Evaluating the impact of pseudo-colour and coordinate system on the detection of medication-induced ECG changes
Journal: ACM CHI Conference on Human Factors in Computing Systems Proceedings (CHI)
Publication Date: 04 May, 2019
Department of: Computer Science
Using colour to visualise ECG data supports rapid detection of serious heart problems
The electrocardiogram (ECG), shows complex signal data representing the heart’s electrical activity. It is vital for detecting cardiac pathologies, but extremely difficult to interpret, even for clinicians. Researchers at the University of Manchester have been working on a novel visualisation technique that makes it straightforward for members of the general public to understand ECG data.
The research examines an important medical issue – long QT syndrome – which can be caused by many commonly prescribed medications. Long QT syndrome refers to an increased interval between two peaks (”Q” and ”T”) in the waveform of a heartbeat, which shows that it is taking longer than it should for the heart to repolarise. The syndrome can be very dangerous, leading to blackouts, palpitations, and potentially cardiac arrest.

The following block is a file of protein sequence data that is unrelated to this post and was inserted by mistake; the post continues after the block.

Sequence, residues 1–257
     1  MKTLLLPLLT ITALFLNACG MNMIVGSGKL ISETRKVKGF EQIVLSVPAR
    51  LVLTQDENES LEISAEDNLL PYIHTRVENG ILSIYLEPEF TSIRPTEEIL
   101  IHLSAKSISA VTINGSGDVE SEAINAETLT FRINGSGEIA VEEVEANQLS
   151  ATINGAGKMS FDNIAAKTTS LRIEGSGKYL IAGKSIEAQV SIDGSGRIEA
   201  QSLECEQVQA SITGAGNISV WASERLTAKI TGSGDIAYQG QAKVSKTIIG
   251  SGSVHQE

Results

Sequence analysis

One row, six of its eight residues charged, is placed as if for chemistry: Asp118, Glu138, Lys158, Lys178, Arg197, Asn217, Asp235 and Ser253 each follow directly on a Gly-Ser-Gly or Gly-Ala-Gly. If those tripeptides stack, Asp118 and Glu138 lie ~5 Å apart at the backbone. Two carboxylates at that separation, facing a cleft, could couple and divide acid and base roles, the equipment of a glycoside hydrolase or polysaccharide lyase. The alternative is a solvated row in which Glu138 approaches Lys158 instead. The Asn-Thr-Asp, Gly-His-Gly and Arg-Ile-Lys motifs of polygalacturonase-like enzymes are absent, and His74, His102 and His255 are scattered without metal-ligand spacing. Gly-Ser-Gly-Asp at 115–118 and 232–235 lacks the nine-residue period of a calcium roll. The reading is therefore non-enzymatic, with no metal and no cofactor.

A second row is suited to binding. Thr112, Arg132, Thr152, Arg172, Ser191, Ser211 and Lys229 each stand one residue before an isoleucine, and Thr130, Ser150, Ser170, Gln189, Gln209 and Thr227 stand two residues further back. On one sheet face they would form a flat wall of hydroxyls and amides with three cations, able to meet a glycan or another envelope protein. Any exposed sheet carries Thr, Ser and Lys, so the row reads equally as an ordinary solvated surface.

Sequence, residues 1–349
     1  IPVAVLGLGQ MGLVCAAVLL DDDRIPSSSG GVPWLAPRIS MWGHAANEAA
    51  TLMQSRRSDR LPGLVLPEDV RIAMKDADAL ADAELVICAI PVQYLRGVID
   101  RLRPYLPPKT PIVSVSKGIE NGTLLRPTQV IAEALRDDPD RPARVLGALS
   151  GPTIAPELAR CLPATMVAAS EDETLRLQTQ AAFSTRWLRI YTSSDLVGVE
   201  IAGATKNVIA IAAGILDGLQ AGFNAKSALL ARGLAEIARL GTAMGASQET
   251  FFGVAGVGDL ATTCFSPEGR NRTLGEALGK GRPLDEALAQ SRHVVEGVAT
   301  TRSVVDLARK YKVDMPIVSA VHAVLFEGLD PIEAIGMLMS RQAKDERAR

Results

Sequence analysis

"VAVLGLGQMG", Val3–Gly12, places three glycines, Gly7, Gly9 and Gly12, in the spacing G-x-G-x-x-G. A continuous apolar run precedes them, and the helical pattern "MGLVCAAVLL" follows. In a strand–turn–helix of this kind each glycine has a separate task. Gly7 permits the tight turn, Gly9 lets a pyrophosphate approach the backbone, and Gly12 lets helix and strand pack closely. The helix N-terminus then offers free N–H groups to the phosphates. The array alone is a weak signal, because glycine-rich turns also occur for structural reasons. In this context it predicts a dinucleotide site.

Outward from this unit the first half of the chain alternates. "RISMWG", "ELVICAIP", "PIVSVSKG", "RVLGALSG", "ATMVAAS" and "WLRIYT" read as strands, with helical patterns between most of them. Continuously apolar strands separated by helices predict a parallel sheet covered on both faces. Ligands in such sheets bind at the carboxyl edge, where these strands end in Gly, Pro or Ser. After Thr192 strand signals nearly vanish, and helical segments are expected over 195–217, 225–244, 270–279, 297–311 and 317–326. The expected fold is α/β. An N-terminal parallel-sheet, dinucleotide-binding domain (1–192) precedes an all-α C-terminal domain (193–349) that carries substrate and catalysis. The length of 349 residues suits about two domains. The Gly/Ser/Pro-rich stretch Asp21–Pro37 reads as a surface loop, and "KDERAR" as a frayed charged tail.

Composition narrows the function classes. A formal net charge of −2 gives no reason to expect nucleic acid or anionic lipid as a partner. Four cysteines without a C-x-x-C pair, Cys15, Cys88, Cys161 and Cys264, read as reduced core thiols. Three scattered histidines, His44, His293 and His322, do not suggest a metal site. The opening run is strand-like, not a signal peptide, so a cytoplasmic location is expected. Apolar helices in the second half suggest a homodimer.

A psychophysical experiment systematically testing different forms of data presentation has shown that re-visualising ECG signal data using pseudo-colour and a polar coordinate system can support lay people in identifying increases in the QT interval. This result is important because it shows the potential for patients to self-monitor for long QT syndrome induced by medication. This can arise without warning and with no symptoms, so if patients can check for it themselves, it could be life-saving. The research has broad implications for how we visualise time-series data for supporting pattern recognition, and is now being used as the foundation for a new automated ”human-in-the-loop’ algorithm for monitoring the QT interval.
- Pseudo-colour and polar co-ordinates significantly improve human ability to understand time-series data.
- Visualisation can support lay people in recognising QT prolongation in an ECG.
- Patients monitoring their own ECG is feasible, with wide potential to save lives.